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Sunday, 19 August 2018 21:24

Staphylococcus Stops Skin Swellings - BacterioFiles 352

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Published in Bacteriofiles

This episode: A harmless strain of bacteria on the skin produces a compound that can prevent tumors from forming!

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(9.2 MB, 10 minutes)

Show notes: 

bf352staphepiMicrobe of the episode: Hamiltonella virus APSE1

News item

Journal Paper:
Nakatsuji T, Chen TH, Butcher AM, Trzoss LL, Nam S-J, Shirakawa KT, Zhou W, Oh J, Otto M, Fenical W, Gallo RL. 2018. A commensal strain of Staphylococcus epidermidis protects against skin neoplasia. Sci Adv 4:eaao4502.

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Episode outline:

  • Background: Microbiota important for most parts of body, function of immune system
    • Gut but also skin and others
  • Help defend against pathogens like Staphylococcus aureus
  • Can also help regulate inflammation after injury
  • What’s new: Now, scientists publishing in Science Advances have discovered another useful function of skin microbes—protecting against cancer!
  • Methods: Were testing strains of Staphylococcus that live on healthy skin for antimicrobials
    • Found one S. epidermidis that can secrete inhibitor of Streptococcus pathogens
    • Purified and identified as a small molecule, not a protein: 6-N-hydroxyaminopurine
      • Or 6-HAP
    • Synthesized specifically by the bacteria, not byproduct of metabolism
  • 6-HAP similar in structure to nucleic acid base, adenine, or A of AGCT
    • Might interact with DNA/RNA metabolism somehow
    • So tested with DNA polymerase
      • 6-HAP inhibited DNA synthesis when addition of adenine nucleotide required
    • So can prevent DNA synthesis and therefore can prevent cell replication/proliferation
  • Possibly useful against cancer, since it proliferates much more than normal skin cells?
    • Tested against several cancer lines and normal cells with BrdU
      • fluorescent tag similar to thymine, shows DNA synthesis
    • 6-HAP prevented cancer lines from incorporating it (and thus making DNA)
      • But didn't prevent normal cells
  • Why the selectiveness? Mediated by mARCs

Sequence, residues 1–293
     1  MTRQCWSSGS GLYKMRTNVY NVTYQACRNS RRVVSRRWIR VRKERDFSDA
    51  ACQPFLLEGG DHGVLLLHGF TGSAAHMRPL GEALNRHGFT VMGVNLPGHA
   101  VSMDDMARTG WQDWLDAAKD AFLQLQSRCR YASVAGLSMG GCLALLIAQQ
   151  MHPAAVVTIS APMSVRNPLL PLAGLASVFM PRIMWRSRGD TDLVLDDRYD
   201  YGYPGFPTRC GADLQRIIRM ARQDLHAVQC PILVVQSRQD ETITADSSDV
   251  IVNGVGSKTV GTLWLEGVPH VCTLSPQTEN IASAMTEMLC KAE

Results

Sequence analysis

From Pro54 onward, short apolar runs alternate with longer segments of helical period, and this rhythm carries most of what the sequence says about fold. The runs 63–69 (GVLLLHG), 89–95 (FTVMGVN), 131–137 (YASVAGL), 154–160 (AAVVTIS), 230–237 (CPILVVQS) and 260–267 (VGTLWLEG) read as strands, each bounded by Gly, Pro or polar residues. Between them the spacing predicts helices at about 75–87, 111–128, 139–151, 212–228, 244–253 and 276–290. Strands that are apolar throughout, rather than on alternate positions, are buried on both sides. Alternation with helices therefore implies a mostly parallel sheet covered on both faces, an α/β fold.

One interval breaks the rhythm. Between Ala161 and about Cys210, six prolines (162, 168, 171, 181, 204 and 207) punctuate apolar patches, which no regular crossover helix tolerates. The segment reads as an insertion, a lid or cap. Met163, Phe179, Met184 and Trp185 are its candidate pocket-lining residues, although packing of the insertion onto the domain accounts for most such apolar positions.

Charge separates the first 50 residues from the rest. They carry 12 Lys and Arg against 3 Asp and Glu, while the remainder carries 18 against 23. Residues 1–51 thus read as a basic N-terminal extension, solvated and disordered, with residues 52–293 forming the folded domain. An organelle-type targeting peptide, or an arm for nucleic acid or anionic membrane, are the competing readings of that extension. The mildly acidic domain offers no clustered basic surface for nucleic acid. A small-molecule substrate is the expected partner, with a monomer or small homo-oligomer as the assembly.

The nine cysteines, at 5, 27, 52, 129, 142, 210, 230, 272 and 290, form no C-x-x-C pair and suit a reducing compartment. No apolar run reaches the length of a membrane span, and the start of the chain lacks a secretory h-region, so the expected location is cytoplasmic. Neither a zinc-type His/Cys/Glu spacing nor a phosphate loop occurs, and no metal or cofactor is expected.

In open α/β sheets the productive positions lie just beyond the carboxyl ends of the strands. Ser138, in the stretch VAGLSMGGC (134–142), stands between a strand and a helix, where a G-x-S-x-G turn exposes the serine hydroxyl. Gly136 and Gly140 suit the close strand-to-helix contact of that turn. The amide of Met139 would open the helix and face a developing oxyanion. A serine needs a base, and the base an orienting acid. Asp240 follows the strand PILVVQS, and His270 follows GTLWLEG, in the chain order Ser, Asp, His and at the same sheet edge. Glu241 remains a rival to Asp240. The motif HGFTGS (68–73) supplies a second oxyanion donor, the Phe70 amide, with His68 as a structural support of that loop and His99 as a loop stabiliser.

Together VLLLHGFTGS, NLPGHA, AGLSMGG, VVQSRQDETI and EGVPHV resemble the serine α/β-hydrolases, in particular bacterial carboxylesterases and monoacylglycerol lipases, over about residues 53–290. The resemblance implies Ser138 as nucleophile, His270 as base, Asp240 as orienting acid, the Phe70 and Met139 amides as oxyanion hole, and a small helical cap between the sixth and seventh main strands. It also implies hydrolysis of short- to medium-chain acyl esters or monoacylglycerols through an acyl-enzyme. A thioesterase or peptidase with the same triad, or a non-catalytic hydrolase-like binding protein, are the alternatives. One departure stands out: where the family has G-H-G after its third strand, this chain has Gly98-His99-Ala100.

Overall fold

• Mitochondrial amidoxime reducing components – convert stuff like 6-HAP to normal bases
    • More activity in normal cells than cancer
    • When inhibited in normal, reduced resistance to 6-HAP to be more like cancer cells
  • Still, important to ensure 6-HAP doesn't interfere with DNA; could cause mutations
    • Tested with a couple mutagenesis tests, in mouse cells and bacteria
    • But found no mutagenic activity
  • Then actually tested in a live context - in mice with tumors
    • In healthy mice, 6-HAP alone didn't show toxicity even at max dose for 2 weeks injected
    • So then gave to mice inoculated with melanoma cell line to induce tumors
    • Despite aggressive tumors, size suppressed by >60%
  • So molecule works, but what about bacteria that make it?
    • Induced tumors on mouse skin with UV+carcinogen
    • And colonized mouse skin with S. epidermidis, either producing 6-HAP or not
    • Producers had fewer tumors, non-producers had normal number
  • Finally looked in human microbiome datasets, found 6-HAP producers common in humans
  • Summary: Healthy skin bacteria produce compound with antitumor properties, could help prevent skin cancer
  • Applications and implications: Maybe new treatment for cancer
    • Or basis for developing one
  • Useful for research too, when selectively inhibiting DNA synthesis is desired
  • Clarifications if necessary: Seems like resistance could evolve fairly easily
    • Seems already present in healthy cells, in enzymes that degrade 6-HAP
    • So just need for cancer not to inactivate enzymes; not so hard?
  • What do I think: Shows importance of healthy microbiota, even on skin
    • Some evidence that disruptions increase risk of cancer, at least in gut
    • This anticancer molecule production could contribute to effect
    • In addition to immune modulation
    • And maybe disruption of other microbes that increase risks
  • Need to understand better
Last modified on Sunday, 19 August 2018 21:29
Jesse Noar

Jesse Noar is microbiologist with a PhD from North Carolina State University and Bachelor's from Cornell. Most of his research has focused on the amazing abilities and potential uses of bacteria, especially those found in soil. Jesse hosts the BacterioFiles podcast highlighting the most interesting recent microbiology research on all kinds of different microbes, part of the ASM family of podcasts. Learn more at asm.org/bacteriofiles or at www.bacteriofiles.com.

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